# And the Calculus Final Projects Begin

For the last week and half of school, my non-AP Calculus class is embarking on a free choice final project. The only requirements are that they must use some sort of Calculus, they must use a real artifact (data, a picture, a video, history etc), they must incorporate technology, and they must find a way to present it to their peers.I have been so excited to see their creative streaks and see some of them get really excited about this, especially because I am impressed that they are still energized two weeks away from their graduation.

Here are some of my favorite ideas. Note that some are not very sophisticated, but are interesting nonetheless and I have been supportive regardless, as I want to see them really carry out something that they feel is their own. I will report back on these after a week and a half when they are done.

• COMPETITIVE EATING RATES: A few students want to eat as many chicken wings as they can, but as they go, time when they finish each one. Then they are going to calculate the rate at which they are eating wings at a few points during the eating. Their prediction is that the more wings they eat, the slower they will eat them. I am hoping they will try to fit some sort of exponential function to the data (that might tell them their limit). They are going to compare their rates to that of an actual professional eater.
• ATTENDANCE TO THE HAJJ: The Hajj is the annual pilgrimage to Mecca that Muslims embark on once in their lifetime (or sometimes more). One student wants to look at aerial photographs of the Hajj to determine the area that the pilgrims fill up and compare the relative areas from different years to the relative levels of attendance. Then, she also wants to make functions for an old man, a young man and a woman doing the hajj that will give their position at any time given the size of the crowd in a given year.
• THE SPREAD OF SENIORITIS: A couple of students are collecting data from their friends about their GPA throughout the year to see how real senioritis is. Then, they are going to use the idea of differentials to expand on the data and predict students’ GPAs in future terms (college?) given their current slide.
• DESIGNING A GREENHOUSE: One girl wants to make a model of a curved-roof greenhouse and then use Calculus to find the amount of glass used and the volume. She also wants to do some sort of optimization exploration to see if the shape has to do with using the least amount of glass for the most sun exposure.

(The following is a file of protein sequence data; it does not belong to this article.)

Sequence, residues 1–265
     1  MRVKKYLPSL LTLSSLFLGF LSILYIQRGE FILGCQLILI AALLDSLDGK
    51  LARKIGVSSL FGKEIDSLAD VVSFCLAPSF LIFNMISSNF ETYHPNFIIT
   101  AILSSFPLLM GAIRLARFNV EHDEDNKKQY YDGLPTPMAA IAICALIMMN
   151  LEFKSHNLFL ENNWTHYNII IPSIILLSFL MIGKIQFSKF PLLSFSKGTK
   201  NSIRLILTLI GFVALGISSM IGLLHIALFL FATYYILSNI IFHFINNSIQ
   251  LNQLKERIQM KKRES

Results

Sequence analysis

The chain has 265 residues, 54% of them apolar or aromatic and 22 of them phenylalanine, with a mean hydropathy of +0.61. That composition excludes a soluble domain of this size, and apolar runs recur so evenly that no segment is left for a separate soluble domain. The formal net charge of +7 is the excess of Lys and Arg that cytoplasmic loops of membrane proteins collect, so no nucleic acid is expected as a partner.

• CELEBRITY LAND AREA: One student is using Google Earth to find the area of various celebrity plots of land. Then he is going to compare the Google method to numerical methods (like Riemann sums and trapezoidal sums) and he is going to try to determine how Google’s mechanism for finding area works.
• INFECTION: A student has a game on her iPad where a disease is being spread around the world. I can’t remember if the object is to infect the world or to save it. Either way she is going to pick a few regions and track the spread of the disease through those regions to see if the curves are logistic, and to see how the curves of regions close to each other relate to each other.
• DERIVATIVE/ANTIDERIVATIVE CHECKERS: Two students are going to design a checkers board to practice derivatives and antiderivatives. The checkers will have derivatives on one side and antiderivatives on the other. When you jump a piece, you have to solve a derivative or antiderivative before you can capture the piece.
• GATSBY’S OPTIMAL PARTY: One student is going to design a prompt from Gatsby himself asking Calculus students to optimize his guest’s happiness at a party. I don’t know the details, but the sense I get is she is going to give Gatsby a limited budget and things that he could purchase for his party – I’m excited to see how this one turns out!

And there are lots of other great ideas too! I liked the ones above because they took one of my ideas for a prompt and totally made it their own, or just came up with something totally random that they wanted to do. I’m excited to hear how these turn out. I had a million other ideas too… here is the packet of ideas that I gave them to get them thinking.

Posted on May 13, 2012, in Calculus, End of the year projects and tagged , , . Bookmark the permalink. Leave a comment.